This past Wednesday, in a Congressional hearing before the Senate Committee on Commerce, Science, and Transportation, FCC Commissioner Jessica Rosenworcel once again took the opportunity to promote her favorite unlicensed wireless tech –– the IEEE’s 802.11 family of standards most commonly known as Wi-Fi. Indeed, at several times in her opening testimony, Commissioner Rosenworcel used the terms Wi-Fi and unlicensed spectrum almost interchangeably:

The future of spectrum policy requires not just more licensed spectrum — but also more unlicensed spectrum. In short, we need more Wi-Fi.

So in any legislative effort to increase the licensed spectrum pipeline, we need a cut for unlicensed — call it the Wi-Fi dividend.

In sum, if we combine more incentives to facilitate the repurposing of federal government spectrum for new commercial use with more exploration of the possibilities of millimeter wave spectrum and more opportunities for Wi-Fi — we can build a spectrum pipeline that is robust, reliable, and a potent force in our economic future.

If Commissioner Rosenworcel is a big fan of Wi-Fi, she’s not alone. Wi-Fi accounts for a growing proportion of all Internet traffic, and it’s not uncommon for people to use the term Wi-Fi as shorthand for wireless broadband Internet access. However, the focus of the hearing was “Wireless Broadband and the Future of Spectrum Policy” –– not the future of Wi-Fi.

As great as it is, Wi-Fi is only one of many technical standards that operate in the unlicensed spectrum bands. Cordless phones, baby monitors, and wireless microphones are some of the other common services that utilize unlicensed spectrum. And there have been several others throughout the years, some of which have had great success (like Bluetooth) while others have struggled to gain widespread adoption (like WiMAX).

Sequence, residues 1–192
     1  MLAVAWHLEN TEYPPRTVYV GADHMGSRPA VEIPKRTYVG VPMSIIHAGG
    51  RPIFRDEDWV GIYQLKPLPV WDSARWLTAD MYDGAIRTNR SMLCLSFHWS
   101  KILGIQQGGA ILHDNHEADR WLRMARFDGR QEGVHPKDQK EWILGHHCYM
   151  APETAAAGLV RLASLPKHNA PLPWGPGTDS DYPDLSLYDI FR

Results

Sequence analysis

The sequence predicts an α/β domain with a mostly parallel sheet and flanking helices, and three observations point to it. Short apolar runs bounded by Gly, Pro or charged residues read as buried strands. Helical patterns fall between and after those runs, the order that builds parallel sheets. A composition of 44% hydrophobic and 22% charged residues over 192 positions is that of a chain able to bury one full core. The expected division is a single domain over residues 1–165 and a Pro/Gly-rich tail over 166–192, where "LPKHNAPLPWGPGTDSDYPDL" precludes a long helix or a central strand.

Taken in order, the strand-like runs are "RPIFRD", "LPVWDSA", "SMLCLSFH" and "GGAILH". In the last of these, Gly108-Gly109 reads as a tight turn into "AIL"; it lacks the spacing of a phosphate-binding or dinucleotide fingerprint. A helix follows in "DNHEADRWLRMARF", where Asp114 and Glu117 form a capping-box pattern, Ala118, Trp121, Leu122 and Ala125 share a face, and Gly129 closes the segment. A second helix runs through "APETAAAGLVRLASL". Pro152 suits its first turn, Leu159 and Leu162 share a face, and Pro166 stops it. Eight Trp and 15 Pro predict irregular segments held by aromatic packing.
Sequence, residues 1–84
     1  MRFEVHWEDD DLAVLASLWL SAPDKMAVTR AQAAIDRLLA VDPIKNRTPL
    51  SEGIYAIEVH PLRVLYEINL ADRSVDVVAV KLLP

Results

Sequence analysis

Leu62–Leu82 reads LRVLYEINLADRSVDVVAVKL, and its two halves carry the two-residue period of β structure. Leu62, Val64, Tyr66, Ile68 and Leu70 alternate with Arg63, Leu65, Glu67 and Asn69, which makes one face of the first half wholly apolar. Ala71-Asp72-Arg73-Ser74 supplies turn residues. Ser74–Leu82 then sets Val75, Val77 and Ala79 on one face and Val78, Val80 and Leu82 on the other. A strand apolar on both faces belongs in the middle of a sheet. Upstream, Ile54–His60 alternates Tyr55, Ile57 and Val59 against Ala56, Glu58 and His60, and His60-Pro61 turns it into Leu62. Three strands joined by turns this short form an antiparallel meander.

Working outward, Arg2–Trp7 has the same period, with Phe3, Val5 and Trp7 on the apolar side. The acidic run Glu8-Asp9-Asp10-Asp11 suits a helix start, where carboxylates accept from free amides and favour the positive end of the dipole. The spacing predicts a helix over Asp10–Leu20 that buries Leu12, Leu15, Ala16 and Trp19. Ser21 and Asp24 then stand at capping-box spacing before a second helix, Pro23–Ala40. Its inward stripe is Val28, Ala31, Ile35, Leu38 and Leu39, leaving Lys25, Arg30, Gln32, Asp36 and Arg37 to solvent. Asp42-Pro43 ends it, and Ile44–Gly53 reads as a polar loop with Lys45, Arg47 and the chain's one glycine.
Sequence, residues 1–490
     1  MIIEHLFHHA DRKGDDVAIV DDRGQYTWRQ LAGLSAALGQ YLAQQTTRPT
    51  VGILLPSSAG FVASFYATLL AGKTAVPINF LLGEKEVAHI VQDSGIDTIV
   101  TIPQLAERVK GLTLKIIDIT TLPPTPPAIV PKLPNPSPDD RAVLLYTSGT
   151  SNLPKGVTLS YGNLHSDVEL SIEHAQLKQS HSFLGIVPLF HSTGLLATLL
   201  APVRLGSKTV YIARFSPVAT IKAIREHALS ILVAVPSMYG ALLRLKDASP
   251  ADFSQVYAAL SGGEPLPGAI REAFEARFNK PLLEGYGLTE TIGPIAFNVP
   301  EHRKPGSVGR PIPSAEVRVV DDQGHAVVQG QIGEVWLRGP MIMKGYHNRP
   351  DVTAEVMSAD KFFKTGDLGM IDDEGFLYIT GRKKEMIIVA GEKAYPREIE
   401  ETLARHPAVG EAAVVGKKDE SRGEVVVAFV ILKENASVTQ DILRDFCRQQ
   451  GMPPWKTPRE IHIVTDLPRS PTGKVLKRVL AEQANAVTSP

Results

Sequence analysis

The point, though, is that all of these new standards and services were developed thanks to the great foresight of the FCC, tracing back to 1938, when it originally developed the Part 15 rules that allow anyone to operate in the unlicensed spectrum bands as long as they comply with a handful of basic parameters (regarding things like gain, OOBE, and EIRP) designed to protect licensed operators and end-users from interference and other forms of harm. Such greenfield spectrum with minimal regulations has been great for innovation, with equipment vendors and service providers investing millions of dollars in research and development to create new devices and standards to utilize these unlicensed bands. However, despite its popularity, the burgeoning trend of Wi-Fi favoritism now threatens to undermine these types of innovation going forward.

Such a development might not be a bad thing –– particularly for those who have built their business models around Wi-Fi and invested billions of dollars deploying Wi-Fi mesh networks –– but for others it might be catastrophic. Consider, for example, the LTE-U (pre-standard) standard being developed through the 3GPP. Equipment manufacturers and wireless carriers have been investing heavily in a new wireless standard that can utilize unlicensed bands on an opportunistic basis to offload data traffic, easing congestion on the already crowded licensed bands carriers use to transmit data to and from larger cell sites, giving users better connectivity and a more seamless experience as they move about the world in and out of range of particular cell sites.

If you’re a user with a smartphone, LTE-U should get you very excited, because your carrier will be able to offer you faster and more reliable service at a reduced cost –– compared to the normal cost of serving users over licensed spectrum bands, for which carriers must pay dearly. However, for those who myopically view Wi-Fi as the pinnacle of short-range communications, LTE-U and other potential unlicensed standards may have you very worried. Thus, it is no surprise that some –– particularly those that have invested heavily in Wi-Fi –– have recently been clamouring for the FCC to prohibit LTE-U and the ilk, ossifying the unlicensed bands and effectively transforming them into Wi-Fi bands.

In Washington, DC, gaming the regulatory apparatus to protect one’s business model at the expense of a competitor’s is, unfortunately, par for the course. However, it is up to the regulator (here, the FCC) to see past the empty rhetoric of would-be arbitrageurs, fend off the perils of hubris, and maintain a system that operates based on merit –– not political favors. Despite its tremendous growth and popularity, the FCC should resist embracing Wi-Fi as the king of unlicensed standards, avoid playing favorites, and keep the unlicensed spectrum bands the way they have always been: open spaces for innovation with minimal regulation.